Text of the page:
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OITNB's Diane Guerrero on Immigration Reform, Activism and Being a Latina in Hollywood


  • Sarah Martinez
Author, activist and actress Diane Guerrero stopped by Texas Lutheran University Tuesday evening to speak about her family's immigration story, which inspired her memoir and dedication to activism.

In a speaking event led by KSAT's Jessie Degollado, Guerrero spoke on her memoir, "In The Country We Love: My Family Divided," which details her experience coming home from school to discover that her parents, undocumented immigrants, were detained and deported when she was 14 years old. She was able to stay in the U.S. after family friends took her in, and pursue an acting career. Now 31, Guerrero is best known her role as Maritza Ramos on Netflix's Orange Is The New Black, and has also starred in the CW's Jane the Virgin and CBS' Superior Donuts.

Inside the packed Jackson Auditorium, Degollado asked Guerrero about this experience as well as her thoughts on the country's immigration system.

"We do have a broken immigration system," Guerrero said. "We have a responsibility to fix it."

She said that it's hard to do since the current administration is shutting down conversations about immigration rather than trying to come up with a solution. For her, Guerrero supports citizenship for families already in the U.S. and updating the Visa process as a good start for reform.

"This issue is such a political issue," Guerrero said. "It's not humanized at all, which is why I took it upon myself to share my very personal story."

She believes that the more immigration stories that are shared, the more society can understand how this is a human issue, not a political one. Guerrero said the criminalization of undocumented immigrants comes from misconceptions.

"It's not based on fact," Guerrero said. "It's wrong to demonize an entire community based on fear and falsities."
  • Sarah Martinez
From her own experience, Guerrero said it's important to talk about the mental health issues for undocumented families.

"That's something we don't often talk about – the mental health issues that come from separating families or living with that fear," Guerrero said.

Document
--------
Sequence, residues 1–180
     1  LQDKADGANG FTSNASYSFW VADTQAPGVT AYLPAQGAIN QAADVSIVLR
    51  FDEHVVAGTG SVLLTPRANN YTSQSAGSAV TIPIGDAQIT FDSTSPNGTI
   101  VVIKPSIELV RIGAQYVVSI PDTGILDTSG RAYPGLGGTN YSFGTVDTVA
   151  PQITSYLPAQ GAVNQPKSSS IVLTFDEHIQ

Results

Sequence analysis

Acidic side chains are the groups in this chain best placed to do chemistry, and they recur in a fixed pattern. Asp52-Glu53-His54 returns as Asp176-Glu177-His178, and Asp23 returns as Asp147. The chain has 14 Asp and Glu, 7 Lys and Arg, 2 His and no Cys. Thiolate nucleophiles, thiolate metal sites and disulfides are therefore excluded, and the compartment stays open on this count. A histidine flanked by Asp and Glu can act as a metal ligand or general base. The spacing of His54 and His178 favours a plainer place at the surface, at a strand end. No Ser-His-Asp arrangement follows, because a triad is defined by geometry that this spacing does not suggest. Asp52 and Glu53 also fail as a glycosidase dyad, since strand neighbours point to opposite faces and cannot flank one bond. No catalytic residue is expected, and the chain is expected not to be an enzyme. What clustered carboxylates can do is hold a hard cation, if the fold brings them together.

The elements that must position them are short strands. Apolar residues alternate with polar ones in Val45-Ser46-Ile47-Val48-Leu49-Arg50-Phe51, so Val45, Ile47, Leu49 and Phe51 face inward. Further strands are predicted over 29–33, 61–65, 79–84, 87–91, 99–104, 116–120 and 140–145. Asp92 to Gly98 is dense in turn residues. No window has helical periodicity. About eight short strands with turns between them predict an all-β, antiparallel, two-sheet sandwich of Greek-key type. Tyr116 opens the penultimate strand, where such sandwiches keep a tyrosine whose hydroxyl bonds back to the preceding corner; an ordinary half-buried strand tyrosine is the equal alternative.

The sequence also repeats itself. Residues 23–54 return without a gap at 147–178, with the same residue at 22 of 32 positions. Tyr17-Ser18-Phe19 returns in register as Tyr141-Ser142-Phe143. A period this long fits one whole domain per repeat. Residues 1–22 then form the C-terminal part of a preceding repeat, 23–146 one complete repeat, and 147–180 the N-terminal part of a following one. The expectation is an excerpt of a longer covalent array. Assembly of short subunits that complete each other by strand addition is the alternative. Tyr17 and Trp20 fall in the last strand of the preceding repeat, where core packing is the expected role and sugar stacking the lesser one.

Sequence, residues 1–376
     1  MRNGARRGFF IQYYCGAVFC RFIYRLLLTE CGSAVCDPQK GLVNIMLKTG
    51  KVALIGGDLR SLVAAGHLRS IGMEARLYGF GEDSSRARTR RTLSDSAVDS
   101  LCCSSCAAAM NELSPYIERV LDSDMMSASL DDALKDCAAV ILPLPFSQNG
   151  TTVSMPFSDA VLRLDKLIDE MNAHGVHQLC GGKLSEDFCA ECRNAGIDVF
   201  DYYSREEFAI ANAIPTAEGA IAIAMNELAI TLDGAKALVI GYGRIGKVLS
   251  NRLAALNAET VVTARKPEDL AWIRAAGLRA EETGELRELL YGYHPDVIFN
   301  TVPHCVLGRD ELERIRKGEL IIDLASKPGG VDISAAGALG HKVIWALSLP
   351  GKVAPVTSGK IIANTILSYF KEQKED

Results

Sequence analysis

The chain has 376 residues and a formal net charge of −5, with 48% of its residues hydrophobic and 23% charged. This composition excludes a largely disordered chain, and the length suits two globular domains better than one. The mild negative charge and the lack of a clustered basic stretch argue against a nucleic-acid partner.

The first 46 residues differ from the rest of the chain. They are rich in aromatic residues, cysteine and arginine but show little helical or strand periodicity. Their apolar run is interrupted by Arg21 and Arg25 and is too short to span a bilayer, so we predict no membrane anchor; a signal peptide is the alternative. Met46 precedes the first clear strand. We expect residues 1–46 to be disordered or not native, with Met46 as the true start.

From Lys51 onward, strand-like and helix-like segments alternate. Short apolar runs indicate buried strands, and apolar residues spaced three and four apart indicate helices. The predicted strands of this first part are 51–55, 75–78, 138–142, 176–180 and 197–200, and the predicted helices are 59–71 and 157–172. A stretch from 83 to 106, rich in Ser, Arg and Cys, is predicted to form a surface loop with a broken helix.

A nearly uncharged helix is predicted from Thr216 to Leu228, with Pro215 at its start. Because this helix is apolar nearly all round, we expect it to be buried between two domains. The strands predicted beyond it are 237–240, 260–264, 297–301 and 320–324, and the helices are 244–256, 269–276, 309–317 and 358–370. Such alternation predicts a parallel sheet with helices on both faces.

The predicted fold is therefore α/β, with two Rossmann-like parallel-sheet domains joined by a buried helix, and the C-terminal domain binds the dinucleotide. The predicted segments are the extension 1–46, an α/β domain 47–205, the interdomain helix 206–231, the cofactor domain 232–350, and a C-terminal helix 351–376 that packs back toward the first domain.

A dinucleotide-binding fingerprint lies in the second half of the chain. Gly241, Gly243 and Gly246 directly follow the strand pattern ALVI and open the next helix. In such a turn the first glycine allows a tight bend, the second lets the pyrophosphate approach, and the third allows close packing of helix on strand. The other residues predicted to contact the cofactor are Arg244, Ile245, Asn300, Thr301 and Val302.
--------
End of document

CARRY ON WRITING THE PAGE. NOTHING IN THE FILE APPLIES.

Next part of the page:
Although she has a budding career as an actress, Guerrero actually has a degree in political science and communications. She uses that knowledge, along with her passion for social issues, to work as an activist. Guerrero even said that she teams up with fellow Latina actress-activists like Gina Rodriguez (her co-star on Jane the Virgin) and America Ferrera (star of Real Women Have Curves, which she said was one of the first films she saw starring a Latina).

"We meet together on certain Sundays as a call-to-action for Latinas in the industry," Guerrero said.

While Guerrero finds strength in these women, she said it's still tough to be a Latina in Hollywood.

"I knew from a very young age that weren't a lot of people like me on television," Guerrero said. "I certainly was not considered the girl next door – I still am not."

Although she takes pride in her Latina identity, Guerrero said having to represent that diversity role means catering to stereotypes (including speaking with an accent) or having that racial identity be the only depth to a character. While she's grateful for her roles and auditions, she said she seeks out multi-dimensional roles whose characters are more than their race.

"To always be represented as [Latina] is not very diverse storytelling," Guerrero said. "People aren't going to get confused because I'm speaking without an accent. That's lazy."

Despite the challenges in Hollywood, she will remain true to her passion and continue to use her platform to call for change.

"When we come from a place of love and empathy, we can achieve many things," Guerrero said. "That's only going to happen when we look to our neighbors, we look to each other and unite for help." Get our top picks for the best events in San Antonio every Thursday morning. Sign up for our Events Newsletter.

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